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First Sunday Advent

The Advent season marks the beginning of the Christian year in western Christianity. Its length varies from 22 to 28 days, beginning on the Sunday nearest St Andrew’s Day and encompassing the next three Sundays, ending on Christmas Day.

Advent wreaths are a popular way to mark the Advent season.

©iStockphoto.com/Annette Wiechmann

What do people do?

In the Roman Catholic Church and in some Anglican communities the third Sunday is called Gaudete Sunday, from the first word of the introit (psalm or antiphon) “Rejoice”. In some churches rose-colored vestments may replace the purple and flowers may be placed on the altar. In many eastern Christian churches, the church year begins in September 1 so Advent begins at a different time to when it starts in the western churches. The Eastern equivalent of Advent is called the Nativity Fast, which runs for 40 days. It is sometimes called Philip’s Fast, or the Philippian Fast, and begins on the day following the Feast of St Philip the Apostle (November 14).

Advent around the world is usually associated with the Advent calendars that parents give their children to help them count the days until Christmas. Preparation for Christmas is an important theme for Advent, particularly at the beginning. It is a time when the Christmas menu is planned, gifts are bought or made, then wrapped, carols are sung, Christmas cards are sent and houses are decorated with Christmas-themed lights and other decorations. Advent customs in some European countries, such as Germany, include lighting candles and hanging special Advent wreaths.

Public life

The first Sunday of Advent is not a nationwide public holiday in countries such as Australia, Canada, the United Kingdom and the United States. However, churches may be busy on this day, as are families who use the beginning of Advent as a time to prepare for the Christmas season.

Background

It is uncertain as to when exactly the celebration of Advent was first introduced in the Christian church. Some sources say that Advent began on November 11 (St Martin's Day) at some time in the fifth century in the form of a six-week fast leading to Christmas. Advent was reduced to its current length at some stage in the sixth century and the fasting was later no longer observed.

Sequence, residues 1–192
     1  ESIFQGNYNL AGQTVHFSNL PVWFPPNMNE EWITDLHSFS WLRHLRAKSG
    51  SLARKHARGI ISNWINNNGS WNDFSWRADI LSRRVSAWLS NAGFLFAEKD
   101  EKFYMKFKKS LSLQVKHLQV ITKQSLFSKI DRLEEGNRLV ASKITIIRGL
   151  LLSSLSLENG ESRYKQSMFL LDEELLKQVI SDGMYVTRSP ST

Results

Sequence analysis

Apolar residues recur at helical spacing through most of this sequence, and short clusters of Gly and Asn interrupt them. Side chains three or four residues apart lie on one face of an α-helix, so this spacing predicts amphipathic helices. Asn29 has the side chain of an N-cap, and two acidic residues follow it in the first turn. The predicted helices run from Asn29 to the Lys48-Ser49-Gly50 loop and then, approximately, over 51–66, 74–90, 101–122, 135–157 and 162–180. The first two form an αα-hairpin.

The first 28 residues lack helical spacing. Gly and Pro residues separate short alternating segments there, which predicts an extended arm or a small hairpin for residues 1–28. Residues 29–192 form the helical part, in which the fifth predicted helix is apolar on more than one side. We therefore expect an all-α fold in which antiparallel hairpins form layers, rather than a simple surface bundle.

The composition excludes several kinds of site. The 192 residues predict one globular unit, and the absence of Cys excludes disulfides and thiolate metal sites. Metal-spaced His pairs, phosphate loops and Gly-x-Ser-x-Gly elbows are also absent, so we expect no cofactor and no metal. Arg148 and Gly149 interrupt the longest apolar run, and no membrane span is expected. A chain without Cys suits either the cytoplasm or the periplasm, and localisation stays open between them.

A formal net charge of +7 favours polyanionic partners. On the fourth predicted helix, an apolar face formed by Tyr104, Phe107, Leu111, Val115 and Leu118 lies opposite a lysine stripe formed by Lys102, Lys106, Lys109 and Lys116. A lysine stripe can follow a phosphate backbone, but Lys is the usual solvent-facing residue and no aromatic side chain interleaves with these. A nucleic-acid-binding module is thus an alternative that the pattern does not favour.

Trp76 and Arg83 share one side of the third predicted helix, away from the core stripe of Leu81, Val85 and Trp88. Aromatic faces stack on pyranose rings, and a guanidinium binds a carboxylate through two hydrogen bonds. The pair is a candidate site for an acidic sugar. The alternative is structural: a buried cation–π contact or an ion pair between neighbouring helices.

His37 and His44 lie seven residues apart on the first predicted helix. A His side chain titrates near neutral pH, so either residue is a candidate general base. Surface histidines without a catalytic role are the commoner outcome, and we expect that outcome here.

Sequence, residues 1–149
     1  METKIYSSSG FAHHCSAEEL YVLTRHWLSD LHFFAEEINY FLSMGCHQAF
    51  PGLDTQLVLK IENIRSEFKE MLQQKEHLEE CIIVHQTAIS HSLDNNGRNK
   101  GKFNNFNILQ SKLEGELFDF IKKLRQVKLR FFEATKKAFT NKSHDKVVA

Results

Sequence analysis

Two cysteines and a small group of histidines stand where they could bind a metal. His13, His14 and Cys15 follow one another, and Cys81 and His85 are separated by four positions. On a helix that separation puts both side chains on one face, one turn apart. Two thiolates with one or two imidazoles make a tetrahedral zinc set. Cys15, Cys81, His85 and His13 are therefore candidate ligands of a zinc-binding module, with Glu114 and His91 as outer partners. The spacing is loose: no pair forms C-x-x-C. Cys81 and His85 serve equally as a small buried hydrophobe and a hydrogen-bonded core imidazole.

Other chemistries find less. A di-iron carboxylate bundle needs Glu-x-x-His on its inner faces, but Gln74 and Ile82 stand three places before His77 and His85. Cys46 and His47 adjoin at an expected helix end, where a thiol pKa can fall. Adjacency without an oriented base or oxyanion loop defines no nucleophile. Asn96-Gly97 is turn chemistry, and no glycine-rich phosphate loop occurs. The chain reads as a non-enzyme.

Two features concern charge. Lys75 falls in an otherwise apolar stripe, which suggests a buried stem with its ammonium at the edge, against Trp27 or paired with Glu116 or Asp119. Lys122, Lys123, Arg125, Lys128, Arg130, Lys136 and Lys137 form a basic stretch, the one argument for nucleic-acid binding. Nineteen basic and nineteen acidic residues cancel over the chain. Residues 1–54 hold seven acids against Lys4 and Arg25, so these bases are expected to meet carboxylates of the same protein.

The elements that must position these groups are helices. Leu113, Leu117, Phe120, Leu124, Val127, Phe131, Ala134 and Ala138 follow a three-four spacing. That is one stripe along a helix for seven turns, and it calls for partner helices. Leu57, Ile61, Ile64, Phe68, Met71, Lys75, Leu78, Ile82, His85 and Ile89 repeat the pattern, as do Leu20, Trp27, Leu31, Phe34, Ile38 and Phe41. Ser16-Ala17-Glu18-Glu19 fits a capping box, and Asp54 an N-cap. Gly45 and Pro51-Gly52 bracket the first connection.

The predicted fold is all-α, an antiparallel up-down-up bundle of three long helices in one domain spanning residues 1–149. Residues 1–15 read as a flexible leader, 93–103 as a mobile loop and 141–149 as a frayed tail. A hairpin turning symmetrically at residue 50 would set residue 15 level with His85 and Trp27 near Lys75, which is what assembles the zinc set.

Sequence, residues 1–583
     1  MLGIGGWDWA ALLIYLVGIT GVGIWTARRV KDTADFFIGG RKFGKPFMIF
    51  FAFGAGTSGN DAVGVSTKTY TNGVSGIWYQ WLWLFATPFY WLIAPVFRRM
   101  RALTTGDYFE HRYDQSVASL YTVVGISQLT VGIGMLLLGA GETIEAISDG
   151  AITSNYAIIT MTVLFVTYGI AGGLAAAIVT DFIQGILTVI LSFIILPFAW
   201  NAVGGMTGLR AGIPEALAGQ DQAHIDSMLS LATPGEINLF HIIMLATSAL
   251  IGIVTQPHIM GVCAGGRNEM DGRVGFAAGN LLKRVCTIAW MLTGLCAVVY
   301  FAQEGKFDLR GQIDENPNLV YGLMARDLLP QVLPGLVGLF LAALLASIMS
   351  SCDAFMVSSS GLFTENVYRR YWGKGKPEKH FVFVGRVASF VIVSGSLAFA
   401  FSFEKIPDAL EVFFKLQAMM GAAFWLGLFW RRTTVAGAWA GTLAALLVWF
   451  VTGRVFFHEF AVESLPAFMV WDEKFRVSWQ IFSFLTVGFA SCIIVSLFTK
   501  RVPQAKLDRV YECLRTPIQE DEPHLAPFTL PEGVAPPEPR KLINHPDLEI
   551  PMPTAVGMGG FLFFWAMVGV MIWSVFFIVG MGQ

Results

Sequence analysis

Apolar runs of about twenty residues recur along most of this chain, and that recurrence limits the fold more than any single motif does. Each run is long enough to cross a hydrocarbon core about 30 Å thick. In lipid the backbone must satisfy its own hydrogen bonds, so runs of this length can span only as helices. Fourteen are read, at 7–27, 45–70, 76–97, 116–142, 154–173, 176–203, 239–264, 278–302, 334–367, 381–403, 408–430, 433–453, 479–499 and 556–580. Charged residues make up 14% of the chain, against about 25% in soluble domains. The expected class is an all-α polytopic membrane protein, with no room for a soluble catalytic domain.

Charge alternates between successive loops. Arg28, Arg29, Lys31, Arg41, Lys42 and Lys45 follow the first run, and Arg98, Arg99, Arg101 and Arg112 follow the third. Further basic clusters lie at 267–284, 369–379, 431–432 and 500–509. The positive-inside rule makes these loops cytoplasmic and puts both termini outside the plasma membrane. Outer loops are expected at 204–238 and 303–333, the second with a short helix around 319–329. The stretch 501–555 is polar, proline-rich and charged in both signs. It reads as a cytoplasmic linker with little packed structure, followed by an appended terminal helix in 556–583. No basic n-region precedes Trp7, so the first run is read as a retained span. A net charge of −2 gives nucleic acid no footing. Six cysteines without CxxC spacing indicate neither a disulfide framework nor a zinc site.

It was customary, although no longer practiced, for poor women to carry “Advent images”, which were two dolls dressed to represent Jesus and the Blessed Virgin Mary, in the northern parts of England. Those who saw the dolls were expected to give a donation in form of money and bad luck was believed to occur to those who were not visited by the doll-bearers before Christmas Eve.

Advent is originally a time to reflect and prepare for Christmas similarly to how Lent is in preparation for Easter. Advent has sometimes been referred to as the Winter Lent.  In recent times the restrictions that Advent brings to Christians have become more relaxed.

Symbols

Purple is historically the main color used for Advent because it reflects penitence, fasting, and the color of royalty to welcome the Advent of the king (Jesus Christ). The focus of the entire season is the celebration of the birth of Jesus the Christ in his first Advent, and the anticipation of the return of Christ the King in his second Advent. Some churches use other colors in recent times. For example, some churches mark the third Sunday of Advent with pink or rose, colors that represent joy. Many Protestant churches use blue to distinguish the Season of Advent from Lent.

Advent wreaths are symbolic of Advent in some countries. They are usually made of fir and decorated with gold and silver ribbons or scarlet woolen threads. Lit wreaths may be displayed on the table where family and friends sit while singing carols and preparing handmade gifts.

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